Catwalk

Christian Dior

Six months ago in Milan, a tearful Raf Simons waved goodbye after receiving a standing ovation for his final Jil Sander collection. The industry was beside itself at the thought of this incredible talent, out of a job, with no house to head up. At that point, Dior was merely a rumour.

Today, at his debut ready-to-wear collection for Dior, you could see that his seven-year tenure at Jil Sander had been the best possible apprenticeship – a greenhouse, if you like, for his talent to flourish.

Everything he had achieved there was crystallised in this collection. It was a landmark on many levels: A designer at his creative best; a luxury fashion house at the dawn of a new era; the fashion industry on the brink of change. (With Hedi Slimane about to start a new chapter at Yves Saint Laurent, these two influential minimalists will have an impact on fashion the like of which we have not seen.)

‘I am a fan of minimalism,’ said Simons in his show notes, ‘It is a conceptual approach that I like, but it is not the only one I like. Neither is it only one type of woman that I want to appeal to.’

Could there be a stronger, more powerful statement of a confident modern woman than his first three exits? Three black tuxedos – stark and simple – a black, pink, then red silk scarf, worn like a choker around the neck.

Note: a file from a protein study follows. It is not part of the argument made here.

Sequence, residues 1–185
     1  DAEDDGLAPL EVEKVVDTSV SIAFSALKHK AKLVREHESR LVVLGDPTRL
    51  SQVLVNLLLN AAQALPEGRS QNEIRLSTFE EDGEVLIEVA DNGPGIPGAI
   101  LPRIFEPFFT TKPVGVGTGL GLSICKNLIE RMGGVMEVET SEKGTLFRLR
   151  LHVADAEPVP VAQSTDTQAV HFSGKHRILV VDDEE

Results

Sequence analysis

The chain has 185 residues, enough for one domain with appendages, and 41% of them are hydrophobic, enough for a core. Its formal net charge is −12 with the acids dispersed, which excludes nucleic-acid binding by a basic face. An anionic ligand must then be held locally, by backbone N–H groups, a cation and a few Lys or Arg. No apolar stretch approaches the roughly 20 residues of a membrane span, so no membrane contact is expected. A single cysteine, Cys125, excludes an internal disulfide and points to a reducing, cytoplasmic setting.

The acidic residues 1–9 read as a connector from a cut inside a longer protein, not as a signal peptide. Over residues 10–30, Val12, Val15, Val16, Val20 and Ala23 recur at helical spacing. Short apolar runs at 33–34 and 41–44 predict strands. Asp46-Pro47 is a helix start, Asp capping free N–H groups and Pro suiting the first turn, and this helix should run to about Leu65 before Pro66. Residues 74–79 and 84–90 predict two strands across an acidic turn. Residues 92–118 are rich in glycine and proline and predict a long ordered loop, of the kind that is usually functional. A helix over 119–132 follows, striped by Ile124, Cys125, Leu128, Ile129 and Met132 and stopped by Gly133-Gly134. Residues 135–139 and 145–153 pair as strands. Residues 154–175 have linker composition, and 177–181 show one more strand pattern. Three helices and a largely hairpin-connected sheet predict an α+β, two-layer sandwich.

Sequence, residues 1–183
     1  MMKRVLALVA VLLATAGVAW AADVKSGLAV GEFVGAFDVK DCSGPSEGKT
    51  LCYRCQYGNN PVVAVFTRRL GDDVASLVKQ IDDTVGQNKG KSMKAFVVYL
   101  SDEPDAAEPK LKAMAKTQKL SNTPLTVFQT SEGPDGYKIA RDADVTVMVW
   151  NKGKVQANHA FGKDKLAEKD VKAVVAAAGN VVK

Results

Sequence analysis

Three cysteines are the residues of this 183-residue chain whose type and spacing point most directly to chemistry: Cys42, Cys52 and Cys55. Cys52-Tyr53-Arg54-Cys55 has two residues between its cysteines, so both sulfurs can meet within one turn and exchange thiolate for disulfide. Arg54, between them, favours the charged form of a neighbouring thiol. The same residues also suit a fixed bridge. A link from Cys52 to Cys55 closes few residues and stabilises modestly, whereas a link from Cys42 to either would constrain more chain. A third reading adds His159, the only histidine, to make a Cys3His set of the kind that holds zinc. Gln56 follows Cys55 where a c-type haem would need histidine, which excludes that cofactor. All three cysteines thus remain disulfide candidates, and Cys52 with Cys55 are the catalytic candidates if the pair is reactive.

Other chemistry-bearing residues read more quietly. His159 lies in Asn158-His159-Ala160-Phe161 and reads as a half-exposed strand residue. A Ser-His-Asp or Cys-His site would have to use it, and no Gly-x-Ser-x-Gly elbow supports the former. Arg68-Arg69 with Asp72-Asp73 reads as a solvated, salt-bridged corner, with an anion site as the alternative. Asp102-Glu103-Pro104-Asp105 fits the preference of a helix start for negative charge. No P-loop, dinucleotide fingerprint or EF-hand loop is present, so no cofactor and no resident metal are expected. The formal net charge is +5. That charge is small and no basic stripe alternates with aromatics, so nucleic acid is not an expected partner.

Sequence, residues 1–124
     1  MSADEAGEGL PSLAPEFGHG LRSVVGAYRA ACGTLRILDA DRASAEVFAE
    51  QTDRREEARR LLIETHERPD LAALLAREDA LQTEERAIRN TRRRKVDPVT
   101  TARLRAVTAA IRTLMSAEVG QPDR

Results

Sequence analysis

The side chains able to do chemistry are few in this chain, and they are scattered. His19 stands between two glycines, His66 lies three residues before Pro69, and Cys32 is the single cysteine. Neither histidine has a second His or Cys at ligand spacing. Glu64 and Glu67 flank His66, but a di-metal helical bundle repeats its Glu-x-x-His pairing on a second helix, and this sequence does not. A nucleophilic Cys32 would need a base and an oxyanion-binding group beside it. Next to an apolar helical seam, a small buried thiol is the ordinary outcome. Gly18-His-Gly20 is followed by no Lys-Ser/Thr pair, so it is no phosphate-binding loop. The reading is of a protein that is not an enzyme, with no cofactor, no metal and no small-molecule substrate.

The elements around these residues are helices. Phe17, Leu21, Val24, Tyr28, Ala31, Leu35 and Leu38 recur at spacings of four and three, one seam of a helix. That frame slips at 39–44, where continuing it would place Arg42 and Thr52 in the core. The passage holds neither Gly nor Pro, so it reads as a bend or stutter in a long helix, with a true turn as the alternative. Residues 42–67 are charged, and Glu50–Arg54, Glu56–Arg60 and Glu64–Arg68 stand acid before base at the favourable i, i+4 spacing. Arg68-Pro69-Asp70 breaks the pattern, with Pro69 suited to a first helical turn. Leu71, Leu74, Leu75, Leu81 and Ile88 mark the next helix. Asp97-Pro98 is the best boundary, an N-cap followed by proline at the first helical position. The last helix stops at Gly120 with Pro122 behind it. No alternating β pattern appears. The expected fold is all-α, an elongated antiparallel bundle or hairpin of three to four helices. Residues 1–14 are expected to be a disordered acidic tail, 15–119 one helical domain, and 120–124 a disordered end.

But he wanted to move away from the notion of ‘anti sex’, as he put it, typified by sparse minimalism, and so the silhouettes began to soften: an apparently strict jacket at the front, suddenly burst with concertina pleats at the back; grey tailoring accentuated curves and kicked out at the thigh with flirtatious mini-pleat skirts; he introduced soft colours in iridescent mini dresses, playful stripes and transparent layers. The last flood of colour took the form of fluid panels – red, yellow and pink – worn over brief black shorts.

Throughout, you could see that Simons had been picking through the archives – the 1960s, with those micro, striped, sheeny mini dresses – but far from being overwhelmed by this house’s great history, he seamlessly retuned the past into the present. What could be more modern than his finale of huge floral ball skirts worn, of course, with plain black minimal bodies?

Raf Simons’ Dior: The making of a new femininity.

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